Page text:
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Too Much 'Vision' Without Hearing

With apparent self-assurance, politicians often have a way of filtering out the messages they don't want to hear, even from their own supporters.
 
 
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The father of President Bush the Second called it "the vision thing" -- which he was widely presumed to lack. By early 1987, Time magazine reported, George H. W. Bush was using that phrase "in clear exasperation." Then, as now, journalists seemed to clamor for presidential candidates to seem visionary.

Many politicians have grandly quoted from the Book of Proverbs: "Where there is no vision, the people perish." The Biblical invocation plays into the media-fed notion that great leaders succeed when they persevere according to their own lights.

But such popularized concepts of political leadership -- encouraged by countless journalists -- are long on vision and short on hearing. With apparent self-assurance, politicians often have a way of filtering out the messages they don't want to hear, even from their own supporters.

President Lyndon Johnson epitomized the alpha and omega of a leader's visionary determination. To his enormous credit, he pushed hard for civil rights legislation soon after becoming president. But meanwhile, he plunged ahead with the Vietnam War -- and he didn't want to hear what many people, including some in his own administration, were trying to tell him. Johnson had "the vision thing" down, all right -- and, as a result, Vietnam became a place of mass carnage.

The news media are at their best when telling leaders what they don't what to hear. But candidates for president rarely seem to be good listeners. On the contrary, the preoccupations with polls and focus groups are about searching for buzzwords and facile images.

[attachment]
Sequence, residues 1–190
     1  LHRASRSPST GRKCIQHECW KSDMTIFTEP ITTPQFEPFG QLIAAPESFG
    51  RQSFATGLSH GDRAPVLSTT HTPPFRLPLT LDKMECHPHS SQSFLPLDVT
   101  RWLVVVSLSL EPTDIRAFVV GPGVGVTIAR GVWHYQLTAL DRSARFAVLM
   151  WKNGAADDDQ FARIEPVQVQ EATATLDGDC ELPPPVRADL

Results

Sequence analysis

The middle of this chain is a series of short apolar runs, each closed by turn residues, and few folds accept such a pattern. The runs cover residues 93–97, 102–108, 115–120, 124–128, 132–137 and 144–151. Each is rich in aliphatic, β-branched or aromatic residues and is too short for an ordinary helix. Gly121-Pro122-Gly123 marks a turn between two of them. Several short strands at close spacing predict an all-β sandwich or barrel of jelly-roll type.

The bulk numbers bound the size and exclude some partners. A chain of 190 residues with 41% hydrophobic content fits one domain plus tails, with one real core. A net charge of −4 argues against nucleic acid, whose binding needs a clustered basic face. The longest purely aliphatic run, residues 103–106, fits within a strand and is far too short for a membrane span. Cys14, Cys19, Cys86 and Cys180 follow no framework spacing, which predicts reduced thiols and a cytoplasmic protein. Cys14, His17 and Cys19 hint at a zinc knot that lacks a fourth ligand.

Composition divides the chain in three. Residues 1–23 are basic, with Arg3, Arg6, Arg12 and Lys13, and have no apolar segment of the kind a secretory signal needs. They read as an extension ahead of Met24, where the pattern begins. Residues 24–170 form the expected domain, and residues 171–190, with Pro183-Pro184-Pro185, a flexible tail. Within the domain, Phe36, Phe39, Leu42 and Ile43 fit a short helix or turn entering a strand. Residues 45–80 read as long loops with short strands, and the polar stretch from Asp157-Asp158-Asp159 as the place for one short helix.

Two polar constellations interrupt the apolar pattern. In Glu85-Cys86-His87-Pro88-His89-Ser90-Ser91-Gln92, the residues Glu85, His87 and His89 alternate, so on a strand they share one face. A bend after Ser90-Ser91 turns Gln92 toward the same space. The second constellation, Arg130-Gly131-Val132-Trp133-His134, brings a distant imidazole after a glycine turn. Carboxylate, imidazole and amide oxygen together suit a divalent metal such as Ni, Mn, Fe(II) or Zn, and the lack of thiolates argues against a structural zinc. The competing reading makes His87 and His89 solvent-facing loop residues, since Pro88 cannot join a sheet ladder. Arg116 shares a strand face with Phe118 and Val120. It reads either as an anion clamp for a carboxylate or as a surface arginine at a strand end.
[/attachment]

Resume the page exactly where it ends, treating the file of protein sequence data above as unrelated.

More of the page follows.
Candidates attaining mass-media favor are up the rungs in efforts to appear visionary and "presidential." Yet a capacity to be caught up in one's own vision tells us nothing about the quality of leadership -- which should include an eagerness to hear.

For decades, one of the most important public voices of clarity has come from Ralph Nader. First known as a "consumer advocate" in the 1960s, his focus soon broadened to include the fundamental imperatives of fighting corporate power and promoting genuine participatory democracy. When he ran for president in 1996 and more vehemently in 2000, he seemed to embody a cause much greater than himself. Nader was a leader with a keen sense of hearing ordinary people -- including activists strategically at work to improve our country.

But now, Nader seems to be so transfixed with his own vision that he's much less inclined to be listening. Many who supported his previous presidential campaigns (myself included) are opposed to a 2004 Nader race -- and aghast that he's on the verge of deciding to go ahead with it.

Last month, Nader announced that he won't seek the Green Party presidential nomination but may run as an independent. He plans to make a decision by the end of January.

Early this month Matthew Rothschild, the editor of The Progressive magazine, wrote that "above all, today there is a recognition, even among many Greens, that the risk of another four years of Bush may be too great to bear." Referring to Nader's prospective independent presidential campaign, Rothschild added: "There is no groundswell of grassroots support for such a move; it is almost totally individualistic."

In politics, with media coverage devoting an inordinate amount of attention to individual personas, mainstream news outlets frequently present the individual as the engine that pulls history forward. But progressive leadership can't be successful when it is out of sync with social movements.

Often it's much more difficult to challenge those you hold in high regard than those you disdain. So far, many progressive leaders and journalists who don't think twice about denouncing George W. Bush or criticizing Democratic presidential candidates have hesitated to make public their private negative views of a Nader presidential campaign this year.

Overall, we're acculturated to perceive stubbornness -- adherence to a "vision" -- as a sign of strength. Sometimes it is. But at other times it is a weakness. Allies can assist us to distinguish between the two. That's what friends are for -- to help us understand when we might be truly visionary and when we're just seeing things.

Norman Solomon is co-author of "Target Iraq: What the News Media Didn't Tell You."